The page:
The River Did Not Burst Her Banks

You did not burst your banks today…

River goddess your fearsome torrent pouring
from here to the sea how many times do I have to stand in you,
no, to drown in you, to know you are never the same?

What rites would you have me keep, Riga Belisama, as I walk beside you?

Long have I kept this piece of your humble mudstone close to my heart
(which I must give back should I ever leave), renewed your waters,
lit your candle, created for you a little temple

and cleared Fish House Brook – just one of your dirty daughters
running from one of the estates to the sea.

I have seen your many colours –
red, blue, green, grey as concrete bollards.

What is a river without a goddess or a goddess without a river
meandering, twisting, to the sea, like our own blue blood to our heart?

Sometimes I see you as a goddess but most often you are being a river,
fulfilling your purpose, delivering water, divine water-bearer.

To be one with your flow on days like this is a blessing,
to walk so close to the edge knowing I could be carried away

by your rush of waters, by your rush of deadly words,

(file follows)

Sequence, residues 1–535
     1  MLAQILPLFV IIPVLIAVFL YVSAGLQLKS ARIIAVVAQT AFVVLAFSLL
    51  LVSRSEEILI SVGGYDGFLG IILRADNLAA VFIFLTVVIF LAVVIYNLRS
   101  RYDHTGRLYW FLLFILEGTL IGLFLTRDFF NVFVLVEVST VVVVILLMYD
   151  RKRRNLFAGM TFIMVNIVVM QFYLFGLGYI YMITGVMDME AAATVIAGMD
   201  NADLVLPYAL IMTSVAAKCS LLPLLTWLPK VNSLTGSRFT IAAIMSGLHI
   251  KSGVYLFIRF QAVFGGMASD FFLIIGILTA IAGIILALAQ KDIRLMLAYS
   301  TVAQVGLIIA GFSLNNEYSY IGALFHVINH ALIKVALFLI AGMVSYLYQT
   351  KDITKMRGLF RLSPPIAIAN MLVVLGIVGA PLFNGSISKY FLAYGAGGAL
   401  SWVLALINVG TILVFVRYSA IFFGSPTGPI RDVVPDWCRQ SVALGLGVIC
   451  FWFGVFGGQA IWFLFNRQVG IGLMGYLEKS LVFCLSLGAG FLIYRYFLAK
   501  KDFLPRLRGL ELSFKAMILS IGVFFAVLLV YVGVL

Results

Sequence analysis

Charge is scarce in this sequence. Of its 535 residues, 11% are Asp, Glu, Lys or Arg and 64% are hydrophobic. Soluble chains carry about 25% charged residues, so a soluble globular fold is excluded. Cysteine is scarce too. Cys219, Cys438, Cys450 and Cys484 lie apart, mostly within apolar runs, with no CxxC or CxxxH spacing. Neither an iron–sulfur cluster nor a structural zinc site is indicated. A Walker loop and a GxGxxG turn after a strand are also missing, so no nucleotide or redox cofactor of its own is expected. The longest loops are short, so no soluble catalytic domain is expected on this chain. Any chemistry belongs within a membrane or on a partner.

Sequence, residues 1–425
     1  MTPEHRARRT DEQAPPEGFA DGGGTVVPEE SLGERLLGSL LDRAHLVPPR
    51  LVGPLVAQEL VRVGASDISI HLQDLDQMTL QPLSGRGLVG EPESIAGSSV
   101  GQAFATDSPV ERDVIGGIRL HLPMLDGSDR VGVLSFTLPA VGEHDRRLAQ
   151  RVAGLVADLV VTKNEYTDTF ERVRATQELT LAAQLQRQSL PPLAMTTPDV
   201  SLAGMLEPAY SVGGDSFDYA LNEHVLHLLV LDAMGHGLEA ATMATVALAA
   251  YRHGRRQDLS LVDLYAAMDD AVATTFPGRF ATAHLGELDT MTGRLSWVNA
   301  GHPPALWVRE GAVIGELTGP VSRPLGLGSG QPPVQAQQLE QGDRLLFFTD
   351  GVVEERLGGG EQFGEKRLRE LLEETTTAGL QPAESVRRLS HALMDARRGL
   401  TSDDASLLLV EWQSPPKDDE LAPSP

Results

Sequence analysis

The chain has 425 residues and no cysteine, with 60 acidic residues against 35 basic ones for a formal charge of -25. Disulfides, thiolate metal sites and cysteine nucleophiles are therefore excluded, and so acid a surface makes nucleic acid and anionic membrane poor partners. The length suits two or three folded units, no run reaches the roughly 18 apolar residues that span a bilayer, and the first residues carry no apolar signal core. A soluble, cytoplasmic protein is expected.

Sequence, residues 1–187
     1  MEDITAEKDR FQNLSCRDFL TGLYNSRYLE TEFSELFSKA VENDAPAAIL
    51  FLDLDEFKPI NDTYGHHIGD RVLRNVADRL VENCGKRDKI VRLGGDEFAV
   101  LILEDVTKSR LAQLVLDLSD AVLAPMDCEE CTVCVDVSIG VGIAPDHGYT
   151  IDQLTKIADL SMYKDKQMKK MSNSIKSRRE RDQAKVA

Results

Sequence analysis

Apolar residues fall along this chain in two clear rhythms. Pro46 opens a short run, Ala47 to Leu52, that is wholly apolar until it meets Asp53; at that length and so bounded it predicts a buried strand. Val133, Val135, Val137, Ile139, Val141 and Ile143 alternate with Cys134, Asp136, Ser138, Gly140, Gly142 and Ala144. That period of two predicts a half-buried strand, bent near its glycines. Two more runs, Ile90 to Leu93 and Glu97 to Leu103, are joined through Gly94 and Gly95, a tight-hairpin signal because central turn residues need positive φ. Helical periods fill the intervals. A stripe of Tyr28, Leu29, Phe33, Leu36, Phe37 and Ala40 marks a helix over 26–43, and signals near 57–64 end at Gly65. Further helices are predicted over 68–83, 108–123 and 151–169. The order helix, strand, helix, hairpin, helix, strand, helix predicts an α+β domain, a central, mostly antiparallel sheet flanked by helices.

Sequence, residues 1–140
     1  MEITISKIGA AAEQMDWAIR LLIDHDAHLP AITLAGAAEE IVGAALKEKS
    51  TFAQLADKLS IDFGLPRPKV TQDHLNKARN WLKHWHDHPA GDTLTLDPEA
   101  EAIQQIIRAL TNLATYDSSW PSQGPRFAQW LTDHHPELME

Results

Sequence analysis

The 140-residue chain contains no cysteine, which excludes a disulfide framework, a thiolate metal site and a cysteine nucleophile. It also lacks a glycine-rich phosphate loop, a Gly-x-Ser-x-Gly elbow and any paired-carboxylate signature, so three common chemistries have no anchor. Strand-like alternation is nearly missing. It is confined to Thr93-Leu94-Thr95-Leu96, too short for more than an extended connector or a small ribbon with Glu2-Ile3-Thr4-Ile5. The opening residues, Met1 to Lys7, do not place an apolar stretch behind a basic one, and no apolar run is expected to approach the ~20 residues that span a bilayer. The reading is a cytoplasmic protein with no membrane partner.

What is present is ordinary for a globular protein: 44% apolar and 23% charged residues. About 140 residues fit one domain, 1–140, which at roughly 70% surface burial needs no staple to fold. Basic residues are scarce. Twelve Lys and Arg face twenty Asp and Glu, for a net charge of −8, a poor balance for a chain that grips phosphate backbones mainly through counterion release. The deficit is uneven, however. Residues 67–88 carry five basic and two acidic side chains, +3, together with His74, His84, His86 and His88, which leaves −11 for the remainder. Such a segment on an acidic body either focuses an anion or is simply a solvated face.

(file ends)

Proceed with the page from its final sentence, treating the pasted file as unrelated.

but you did not burst your banks today.

I wrote this poem after my daily walk beside the Ribble yesterday during Storm Christoph. Contrary to the flood warnings the river did not burst her banks but came very close, the water lapping at the edge, at high tide. It’s not often we can walk so close to a force of nature, to a mighty goddess, whose might could destroy us if we take a false step – an experience awe-inspiring and humbling.

We were lucky, here in Penwortham, that the river did not burst her banks. Upriver Brockholes Nature Reserve has been forced to close due to the access road flooding. People from Didsbury and Northenden in Manchester, Maghul in Merseyside, and Ruthin and Bangor-on-Dee in North Wales have been evacuated. This must be a doubly awful experience during a pandemic. The combination of the virus with flooding feels like an ominous portent of decline and I fear worse is to come.

The first time I saw major floods on the Ribble was 2015 and she has flooded almost every winter since. In response, the Environment Agency and Lancashire County Council have implemented the Preston and South Ribble Flood Management Scheme, which will raise the current flood walls from 1.2 metres to up to 2.2 metres, with a glass screen at the top so people can see the river, and build new ones.

Some of the trees on the banks, such as the row of elms near the Continental pub, will be dug up to make way for the defences. Five new trees will be planted for each tree removed, but it will be forty to fifty years until they are the size of the original ones. Local people have asked for the old trees to be made into benches.